Colorado Air Quality Commission to Consider Proposed Employee Traffic Reduction Program

The Colorado Air Quality Control Commission will soon consider several regulation revisions that would require some employers to survey and report on how their employees commute and implement plans to reduce greenhouse gas emissions. On August 18-20, 2021, the Commission will hear testimony and then take final action on the proposed Employee Traffic Reduction Program (ETRP).

The Denver Metropolitan/Northern Front Range area is currently designated as a serious nonattainment area for ozone by the U.S. Environmental Protection Agency (EPA); this means it does not meet the applicable ambient air quality standards. In other words, the Front Range has air pollution problems.

In January 2021, Colorado released its Greenhouse Gas Pollution Reduction Roadmap, which proposed numerous action items intended to reduce pollution in the state and accelerate the transition to clean energy. The specific science-based goals were part of a previous House Bill and include a 50% reduction in greenhouse gas emissions by 2030. The Roadmap identifies key programs that Colorado can implement that would help achieve these goals. One such program is the Employee Traffic Reduction Program (ETRP).

The proposing entity, the Air Pollution Control Division, has stated that ETRP is not intended as a ban on commuting or a way to penalize employers for the commuting preferences of their employees. Rather, ETRP would require employers of 100 or more employees at a single worksite within the Ozone Nonattainment Area to develop and implement a plan to reduce single-occupancy vehicle commuting to and from work. A “worksite” as defined by ETRP is a temporary or permanent building or grouping of buildings that are on physically contiguous parcels of land or on parcels separated solely by private or public roadways or rights-of-way.

Covered employers would be required to identify an Employee Transportation Coordinator by January 1, 2022, and complete an initial assessment of their commuting practices by early or mid 2022. The proposed regulations require that employers determine their Single-Occupancy Vehicle (SOV) Drive Rate, a metric calculated by dividing the number of vehicles that arrive at a worksite by the number of employees who report or are assigned to the worksite, from all shifts, seven days a week, averaged over the calculation period. “Vehicles” are defined as scooters, motorcycles, and on-road vehicles powered by a gasoline or diesel engine; zero-emission vehicles are excluded.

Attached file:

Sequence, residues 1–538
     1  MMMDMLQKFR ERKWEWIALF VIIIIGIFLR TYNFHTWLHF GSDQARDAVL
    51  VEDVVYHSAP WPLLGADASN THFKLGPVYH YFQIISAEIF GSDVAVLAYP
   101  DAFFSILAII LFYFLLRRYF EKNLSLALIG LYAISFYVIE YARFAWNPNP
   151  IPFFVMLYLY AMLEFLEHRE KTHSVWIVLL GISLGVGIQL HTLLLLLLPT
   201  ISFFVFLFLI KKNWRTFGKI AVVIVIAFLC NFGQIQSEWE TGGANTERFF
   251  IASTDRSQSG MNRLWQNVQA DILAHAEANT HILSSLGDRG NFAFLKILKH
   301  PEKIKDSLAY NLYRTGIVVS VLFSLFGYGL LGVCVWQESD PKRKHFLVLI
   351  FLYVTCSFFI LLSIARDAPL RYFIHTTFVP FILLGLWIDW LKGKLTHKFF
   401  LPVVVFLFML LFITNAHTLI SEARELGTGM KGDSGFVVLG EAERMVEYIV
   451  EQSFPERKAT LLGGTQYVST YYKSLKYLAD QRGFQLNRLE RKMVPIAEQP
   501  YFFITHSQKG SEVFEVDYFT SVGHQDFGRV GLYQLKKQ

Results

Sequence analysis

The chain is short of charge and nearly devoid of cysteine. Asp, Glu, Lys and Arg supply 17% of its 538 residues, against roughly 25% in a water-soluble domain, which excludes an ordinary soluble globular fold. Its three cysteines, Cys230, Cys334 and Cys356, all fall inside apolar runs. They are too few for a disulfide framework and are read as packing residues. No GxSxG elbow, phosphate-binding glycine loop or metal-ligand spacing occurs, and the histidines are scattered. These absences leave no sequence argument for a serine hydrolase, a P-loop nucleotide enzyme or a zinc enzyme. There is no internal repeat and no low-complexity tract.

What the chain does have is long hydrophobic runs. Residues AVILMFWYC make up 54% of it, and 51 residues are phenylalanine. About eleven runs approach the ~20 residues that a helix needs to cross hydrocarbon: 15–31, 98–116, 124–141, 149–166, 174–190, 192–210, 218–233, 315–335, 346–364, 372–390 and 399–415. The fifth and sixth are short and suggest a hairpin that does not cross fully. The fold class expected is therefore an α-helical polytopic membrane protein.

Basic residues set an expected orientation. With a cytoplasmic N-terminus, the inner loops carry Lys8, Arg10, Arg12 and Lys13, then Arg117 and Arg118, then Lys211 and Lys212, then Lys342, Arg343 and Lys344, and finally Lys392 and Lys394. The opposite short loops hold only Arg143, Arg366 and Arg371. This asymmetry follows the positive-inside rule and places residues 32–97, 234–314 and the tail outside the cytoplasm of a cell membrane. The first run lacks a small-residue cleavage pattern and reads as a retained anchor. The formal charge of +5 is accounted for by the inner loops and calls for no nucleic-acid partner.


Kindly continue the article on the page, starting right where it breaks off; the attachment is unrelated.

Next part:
Currently, the proposed regulations set certain SOV Drive Rate reduction goals. For instance, an employer’s plan should be designed to achieve a reduction of 75% in SOV Drive Rate in the first year of implementation. If an employer fails to meet the reduction goals, it must revisit its plan. Failure to meet the goals in three consecutive attempts requires that the employer consider an alternative compliance plan that could include worksite equipment or process changes, employer vehicle emission reductions, or other approaches not otherwise required by law.

Covered employers would also be required to develop and implement an ETRP plan tailored to their unique business needs, including telecommuting, flexible work schedules, public transportation, ridesharing, and electric vehicle charging stations. In addition, employers would be required to provide annual surveys and reporting. The Division has indicated that ETRP Guidance and an Employer Toolkit will be provided to assist employers.

The Division references the success of similar programs in 27 other states. Several years ago, Arizona implemented a program that requires all employers in Maricopa County with 50 or more employees to implement a plan to reduce the number of employees who drive alone to the worksite to 60 percent or less of the total employee population.

If ETRP is approved, covered employers should begin planning immediately. Some Transportation Management Associations have already offered assistance with similar voluntary programs. The Way to Go program from the Denver Regional Council of Governments provides commuter consultants to help employers evaluate their options.